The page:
Essay on Vengeance in Shakespeare's Hamlet - The Theme of Revenge

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The Theme of Revenge in Hamlet

In Shakespeare's tragedy, Hamlet, the thoughts of revenge are introduced early in the play. At the end of the first act, Hamlet meets the ghost of his deceased father. He is brought to see him by Horatio and Marcellus, who saw the ghost "yesternight" (Shakespeare 1.2.190). During this exchange of words between the Ghost and Hamlet, the Ghost tells Hamlet, "[s]o art thou to revenge, when thou shalt hear." (Shakespeare 1.5.5). He is telling Hamlet to listen closely to what he has to say. Then he tells Hamlet to "[r]evenge his foul and most unnatural murder" (Shakespeare 1.5.23). When Hamlet finds out that it was his Uncle Claudius who murdered his father, Hamlet plots against him to avenge his father's
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This play would be non-existent if it was not for the agonizing trials that Hamlet put himself through while plotting his father's revenge.

Gareth Lloyd Evans points out that when Hamlet is first given his task from the Ghost, he was told to make sure his mother gets to heaven, so she can be judged by the almighty. "Hamlet is in fact called upon to avenge the wrong deed. The Ghost wishes him to leave his mother to heaven, and reminds him in the closet scene that his 'true purpose' (the avenging of his father's death upon Claudius) is almost blunted" (Evans 250). Hamlet is not really told by the Ghost kill his uncle when Hamlet first meets the spirit of his deceased father. He was told:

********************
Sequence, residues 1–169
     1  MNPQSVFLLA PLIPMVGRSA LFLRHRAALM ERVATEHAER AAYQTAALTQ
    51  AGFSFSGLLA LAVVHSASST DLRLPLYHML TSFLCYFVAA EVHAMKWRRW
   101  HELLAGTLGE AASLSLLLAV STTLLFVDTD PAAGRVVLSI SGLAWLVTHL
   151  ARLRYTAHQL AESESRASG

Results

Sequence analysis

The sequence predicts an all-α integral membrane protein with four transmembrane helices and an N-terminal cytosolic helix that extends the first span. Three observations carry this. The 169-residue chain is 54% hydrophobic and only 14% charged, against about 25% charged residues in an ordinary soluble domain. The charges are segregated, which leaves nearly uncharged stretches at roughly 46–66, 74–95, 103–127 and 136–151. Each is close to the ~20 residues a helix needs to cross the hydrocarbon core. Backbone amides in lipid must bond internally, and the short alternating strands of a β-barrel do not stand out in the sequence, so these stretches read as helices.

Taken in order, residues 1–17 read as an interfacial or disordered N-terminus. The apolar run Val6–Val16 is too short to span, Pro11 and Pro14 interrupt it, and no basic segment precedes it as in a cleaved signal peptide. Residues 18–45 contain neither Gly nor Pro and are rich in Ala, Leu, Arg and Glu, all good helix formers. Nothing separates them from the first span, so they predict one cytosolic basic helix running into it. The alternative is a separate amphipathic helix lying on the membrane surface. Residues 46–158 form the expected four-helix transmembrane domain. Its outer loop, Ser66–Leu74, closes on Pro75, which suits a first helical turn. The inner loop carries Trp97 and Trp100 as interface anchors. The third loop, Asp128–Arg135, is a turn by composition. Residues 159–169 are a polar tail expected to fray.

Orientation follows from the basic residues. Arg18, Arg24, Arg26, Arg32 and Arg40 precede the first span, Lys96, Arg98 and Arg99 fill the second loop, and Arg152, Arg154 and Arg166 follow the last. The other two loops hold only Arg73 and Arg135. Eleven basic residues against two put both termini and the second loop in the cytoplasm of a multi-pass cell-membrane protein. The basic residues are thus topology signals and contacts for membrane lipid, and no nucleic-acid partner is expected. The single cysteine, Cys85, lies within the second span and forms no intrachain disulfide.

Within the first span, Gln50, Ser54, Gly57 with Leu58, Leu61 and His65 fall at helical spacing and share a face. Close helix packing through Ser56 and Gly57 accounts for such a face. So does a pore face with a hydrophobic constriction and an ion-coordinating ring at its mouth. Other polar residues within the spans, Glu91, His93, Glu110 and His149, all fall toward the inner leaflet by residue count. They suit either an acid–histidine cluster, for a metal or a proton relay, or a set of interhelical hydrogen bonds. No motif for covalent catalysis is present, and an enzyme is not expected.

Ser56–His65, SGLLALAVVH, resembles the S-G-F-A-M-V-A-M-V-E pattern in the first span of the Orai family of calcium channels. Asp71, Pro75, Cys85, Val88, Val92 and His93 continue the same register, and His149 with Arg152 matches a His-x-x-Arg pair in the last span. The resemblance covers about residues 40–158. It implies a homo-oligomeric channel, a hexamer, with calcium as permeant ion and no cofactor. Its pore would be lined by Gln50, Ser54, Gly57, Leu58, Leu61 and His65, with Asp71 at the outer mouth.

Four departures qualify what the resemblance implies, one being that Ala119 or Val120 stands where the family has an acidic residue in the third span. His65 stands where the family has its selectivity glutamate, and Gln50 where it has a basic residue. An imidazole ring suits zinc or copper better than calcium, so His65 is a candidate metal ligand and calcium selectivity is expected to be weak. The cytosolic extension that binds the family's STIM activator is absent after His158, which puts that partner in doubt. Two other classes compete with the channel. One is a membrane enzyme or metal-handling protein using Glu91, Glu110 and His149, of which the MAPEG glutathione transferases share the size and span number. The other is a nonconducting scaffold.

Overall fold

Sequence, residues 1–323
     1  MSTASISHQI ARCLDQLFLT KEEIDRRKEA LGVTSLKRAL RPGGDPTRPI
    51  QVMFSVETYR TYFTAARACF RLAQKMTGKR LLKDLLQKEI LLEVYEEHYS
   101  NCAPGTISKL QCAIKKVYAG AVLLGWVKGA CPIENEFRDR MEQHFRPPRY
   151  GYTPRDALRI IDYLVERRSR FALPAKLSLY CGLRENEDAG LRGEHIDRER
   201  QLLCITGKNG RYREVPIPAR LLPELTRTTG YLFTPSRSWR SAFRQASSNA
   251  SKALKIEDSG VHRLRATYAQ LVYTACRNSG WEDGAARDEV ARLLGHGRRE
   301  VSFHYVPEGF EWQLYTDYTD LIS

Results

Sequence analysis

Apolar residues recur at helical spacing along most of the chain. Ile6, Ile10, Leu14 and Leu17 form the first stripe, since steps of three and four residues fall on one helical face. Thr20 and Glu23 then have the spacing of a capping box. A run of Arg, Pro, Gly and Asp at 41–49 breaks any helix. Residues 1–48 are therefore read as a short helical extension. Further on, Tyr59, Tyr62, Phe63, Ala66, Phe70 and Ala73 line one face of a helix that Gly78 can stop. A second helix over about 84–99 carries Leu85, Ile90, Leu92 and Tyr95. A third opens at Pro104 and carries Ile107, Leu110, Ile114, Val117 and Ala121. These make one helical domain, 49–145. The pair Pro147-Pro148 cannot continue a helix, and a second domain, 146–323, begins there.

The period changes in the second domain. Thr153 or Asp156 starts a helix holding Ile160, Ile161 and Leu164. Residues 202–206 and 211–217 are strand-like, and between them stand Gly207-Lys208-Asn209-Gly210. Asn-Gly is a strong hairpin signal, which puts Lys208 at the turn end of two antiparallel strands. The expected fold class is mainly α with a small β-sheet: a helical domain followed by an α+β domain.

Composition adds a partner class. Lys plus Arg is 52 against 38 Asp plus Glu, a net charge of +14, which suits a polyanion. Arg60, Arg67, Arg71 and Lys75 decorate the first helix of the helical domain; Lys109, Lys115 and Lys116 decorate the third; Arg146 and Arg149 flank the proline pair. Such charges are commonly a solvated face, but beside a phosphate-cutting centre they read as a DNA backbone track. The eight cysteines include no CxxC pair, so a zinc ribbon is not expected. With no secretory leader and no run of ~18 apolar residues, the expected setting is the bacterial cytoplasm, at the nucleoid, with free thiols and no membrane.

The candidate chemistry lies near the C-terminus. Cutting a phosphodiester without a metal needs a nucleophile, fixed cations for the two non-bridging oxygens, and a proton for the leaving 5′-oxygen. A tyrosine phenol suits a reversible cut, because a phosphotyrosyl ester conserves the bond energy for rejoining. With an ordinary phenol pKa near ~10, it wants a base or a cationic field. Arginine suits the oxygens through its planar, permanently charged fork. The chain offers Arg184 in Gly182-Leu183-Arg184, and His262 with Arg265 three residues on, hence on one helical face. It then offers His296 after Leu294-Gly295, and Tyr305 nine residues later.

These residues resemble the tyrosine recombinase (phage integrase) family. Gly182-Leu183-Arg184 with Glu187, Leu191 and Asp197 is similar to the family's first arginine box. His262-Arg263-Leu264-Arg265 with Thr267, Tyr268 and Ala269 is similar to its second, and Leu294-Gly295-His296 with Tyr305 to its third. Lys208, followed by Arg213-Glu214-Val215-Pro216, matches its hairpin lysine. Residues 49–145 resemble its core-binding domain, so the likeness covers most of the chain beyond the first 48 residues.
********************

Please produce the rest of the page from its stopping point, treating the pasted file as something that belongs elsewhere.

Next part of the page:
"[...]Taint not thy mind, nor let thy soul contrive

Against thy mother aught: leave her to heaven,

And to those thorns that in bosom lodge,

To prick and sting her" (Shakespeare 1.5.88).

The Ghost says in that passage that Hamlet is not to torture his mother, but make her own inner guilt eat away at her like a fatal illness. He wants her to suffer the guilt that is associated with her incestial actions. But later in the third act the Ghost revisits Hamlet, this time while he is yelling at his mother because of her actions. He tells Hamlet:

"Do not forget: this visitation

Is but to whet thy almost blunted purpose.

But look, amazement on thy mother sits:

O, step between her and her fighting soul:

Conceit in weakest bodies
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